Pyatt, Lameen Souag, John E. Koontz).
- Celtic names frequently do not end in "-a" (Dorcas,
Caris) (John Davis).
- Old Norse appears to have many female names without "-a"
Here are some COUNTEREXAMPLES for male names ending in
- Early American male names from the Bible (Elisha,
Jededia, ...) often ended in "-a" (John Davis).
- Irish male names often end in "-a" (Barra, Donncha,
Murcha...) (Roslyn Blyn-LaDrew). Blyn-LaDrew notes that
most nouns ending in "-a" are masculine in Irish.
Finally, as to EXPLANATIONS for why there might be any
phonetic gender biases in names (beyond the historical
explanations which only push the question back to the
proto-language in which the biases originate):
- Doleschal and Pyatt offer that the feminine gender
generally being the marked gender in languages, it's no
surprise that feminine names would have some consistent
marker bias. I find that this explanation goes part of
- Cutler et al. (paper cited above) come closest to an
explanation for why [i] (not "-a") occurs more frequently
in female names than in male ones. They cite papers by
Ohala (1983, Cross-language use of pitch: an ethological
point of view, Phonetica 40:1-18; 1984, An ethological
perspective on common cross-language utilization of F0 of
voice. Phonetica 41:1-16) in which it is argued that
"small vocal tracts, which produce high-pitched sounds,
are typically possessed by smaller, weaker, less
threatening beings." Cutler et al. continue: "(It is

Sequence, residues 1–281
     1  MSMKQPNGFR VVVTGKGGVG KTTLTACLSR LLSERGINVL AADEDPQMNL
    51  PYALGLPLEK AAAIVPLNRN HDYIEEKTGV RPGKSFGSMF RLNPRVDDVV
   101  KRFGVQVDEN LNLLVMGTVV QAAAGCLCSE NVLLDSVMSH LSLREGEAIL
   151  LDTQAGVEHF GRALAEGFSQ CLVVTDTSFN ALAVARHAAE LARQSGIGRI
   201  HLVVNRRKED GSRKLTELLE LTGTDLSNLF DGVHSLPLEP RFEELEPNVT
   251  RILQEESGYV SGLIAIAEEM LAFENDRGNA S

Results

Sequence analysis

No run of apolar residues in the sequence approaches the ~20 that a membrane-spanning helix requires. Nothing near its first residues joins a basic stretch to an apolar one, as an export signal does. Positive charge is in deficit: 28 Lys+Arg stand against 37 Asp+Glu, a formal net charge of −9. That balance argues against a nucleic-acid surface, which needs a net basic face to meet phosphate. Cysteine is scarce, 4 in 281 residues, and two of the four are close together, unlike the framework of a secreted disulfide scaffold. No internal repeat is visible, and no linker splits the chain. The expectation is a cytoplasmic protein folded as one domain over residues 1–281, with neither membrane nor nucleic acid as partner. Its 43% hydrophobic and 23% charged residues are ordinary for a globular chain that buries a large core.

hard to imagine a Tina more threatening than a Hugh.)
Perhaps the frequency of [i] in female neames has come
about, therefore, because smallness and lack of threat
are held to be desirable attributes of females. This
suggestion could even be extended to a more general
principle of phonological weight, which would then
embrace the tendency for weak, that is to say
phonologically lighter, syllables to occur more often in
This seems plausible, and the final schwa presumably fall
unders the "light" phonological weight category. I have
read a similar explanation in Stephen Pinker's "The
Language Instinct," in which he lists words such as "teeny-
weeny" and "itsy-bitsy" as examples of our tendency to see
[i] as little (although, possibly, he was referring to
Ohala when he mentioned this, so that would be no more
In conclusion, let me propose the following amended
hypothesis: In the absence of semantic suffixes (such as
the Japanese "-ko") which denote femaleness, female names
tend to end in "-a" or "-i" universally (this is only a
statistical trend, not an absolute rule). The reasoning is
that semantic suffixes outweigh the synesthetic
associations we make, but that in the absence of semantic
cues, Ohala's theory may bias female names to be marked by
the lighter, higher-pitched "-a" and "-i".
In Japanese, the phonetic and semantic biases conspire to
make "-mi" one of the most common feminine suffixes after
"-ko". "-mi" is frequently spelled using the character for